Despite US President Joe Biden’s scrapping of an oil pipeline important to Canada, Prime Minister Justin Trudeau said Friday he looked forward to a renewed bilateral friendship and strong collaboration on the climate fight.
“Obviously the (president’s) decision on Keystone XL is a very difficult one for workers in Alberta and Saskatchewan who’ve had many difficult hits over the past years,” Trudeau told a news conference.
“I will express my concern for jobs and livelihoods in Canada, particularly in the West, directly in my conversation with President Biden,” he said.
Biden’s first call to a foreign leader will be Trudeau, scheduled for this afternoon.
White House spokeswoman Jen Psaki said Biden also would call Mexican President Andres Manuel Lopez Obrador on Friday after speaking with Trudeau.
The three countries form the United States-Mexico-Canada Agreement, which replaced the North American Free Trade Agreement (NAFTA) and binds nearly half a billion consumers in a single market that comprises about 27 percent of global GDP, in a region where trade hit $1.2 trillion in 2019 — though that was before the coronavirus pandemic hit.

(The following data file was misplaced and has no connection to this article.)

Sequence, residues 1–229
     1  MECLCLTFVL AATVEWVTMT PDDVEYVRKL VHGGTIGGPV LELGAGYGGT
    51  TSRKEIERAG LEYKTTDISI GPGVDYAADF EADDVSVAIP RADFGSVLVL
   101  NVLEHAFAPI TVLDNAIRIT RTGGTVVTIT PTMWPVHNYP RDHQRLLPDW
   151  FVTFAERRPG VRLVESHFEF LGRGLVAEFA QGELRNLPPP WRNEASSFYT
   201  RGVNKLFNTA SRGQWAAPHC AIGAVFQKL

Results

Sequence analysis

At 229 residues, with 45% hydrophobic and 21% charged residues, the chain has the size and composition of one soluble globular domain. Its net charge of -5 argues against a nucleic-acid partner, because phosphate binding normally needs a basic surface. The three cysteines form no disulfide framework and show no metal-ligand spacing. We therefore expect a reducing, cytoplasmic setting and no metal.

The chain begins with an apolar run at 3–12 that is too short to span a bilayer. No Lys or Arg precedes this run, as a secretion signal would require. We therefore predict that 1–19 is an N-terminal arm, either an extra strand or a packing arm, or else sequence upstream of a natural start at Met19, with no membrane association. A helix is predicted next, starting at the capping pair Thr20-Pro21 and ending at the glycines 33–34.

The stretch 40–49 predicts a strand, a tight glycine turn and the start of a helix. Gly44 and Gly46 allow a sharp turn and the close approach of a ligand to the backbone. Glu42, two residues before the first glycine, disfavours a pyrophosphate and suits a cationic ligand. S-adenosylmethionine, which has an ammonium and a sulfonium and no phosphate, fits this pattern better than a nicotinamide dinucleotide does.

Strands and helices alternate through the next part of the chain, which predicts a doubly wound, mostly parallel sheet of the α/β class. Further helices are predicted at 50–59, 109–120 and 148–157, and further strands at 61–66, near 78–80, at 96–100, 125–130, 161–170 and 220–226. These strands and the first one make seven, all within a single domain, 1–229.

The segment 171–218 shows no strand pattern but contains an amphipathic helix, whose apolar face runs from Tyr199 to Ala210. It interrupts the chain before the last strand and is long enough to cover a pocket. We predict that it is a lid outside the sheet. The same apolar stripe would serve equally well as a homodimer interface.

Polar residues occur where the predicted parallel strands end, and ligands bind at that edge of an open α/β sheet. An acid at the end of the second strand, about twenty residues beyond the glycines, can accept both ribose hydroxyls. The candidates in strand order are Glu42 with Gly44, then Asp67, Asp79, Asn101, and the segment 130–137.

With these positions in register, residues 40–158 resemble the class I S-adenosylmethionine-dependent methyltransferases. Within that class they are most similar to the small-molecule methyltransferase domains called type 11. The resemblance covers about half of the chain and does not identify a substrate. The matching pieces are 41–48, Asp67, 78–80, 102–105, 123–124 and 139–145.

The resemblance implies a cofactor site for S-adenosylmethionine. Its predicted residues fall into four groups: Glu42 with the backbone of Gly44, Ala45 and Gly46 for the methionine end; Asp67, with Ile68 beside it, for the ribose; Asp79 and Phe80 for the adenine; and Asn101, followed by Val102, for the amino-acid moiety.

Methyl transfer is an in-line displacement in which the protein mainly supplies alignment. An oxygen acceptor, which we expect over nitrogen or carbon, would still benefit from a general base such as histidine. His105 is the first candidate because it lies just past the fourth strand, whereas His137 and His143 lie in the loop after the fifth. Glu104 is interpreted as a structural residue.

Trudeau added that the new US administration represents an opportunity to turn the page on a challenging relationship with the US under Trump, who once labelled Trudeau as “dishonest” and “meek.”
“We are truly beginning a new era of friendship,” he said.
“We have so much alignment, not just me and President Biden, but Canadians and President Biden,” Trudeau commented, citing as examples combating climate change and the spread of Covid-19 illnesses.
“It’s not always going to be a perfect alignment with the United States,” he said. “That’s the case with any given president.”
But he said that he and Biden are “much more aligned on values” than most leaders.
Upon taking office on Wednesday, Biden rescinded a permit for the Keystone XL pipeline via executive order, blocking completion of the project started almost a decade ago.
The 1,210-mile (1,947-kilometer) pipeline, starting in 2023, was to transport up to 830,000 barrels of oil per day from the Alberta oil sands to Nebraska and then through an existing system to refineries in coastal Texas.
Trudeau had said it was “an important project for us,” citing continental energy security and jobs, and reacted with disappointment over its cancellation.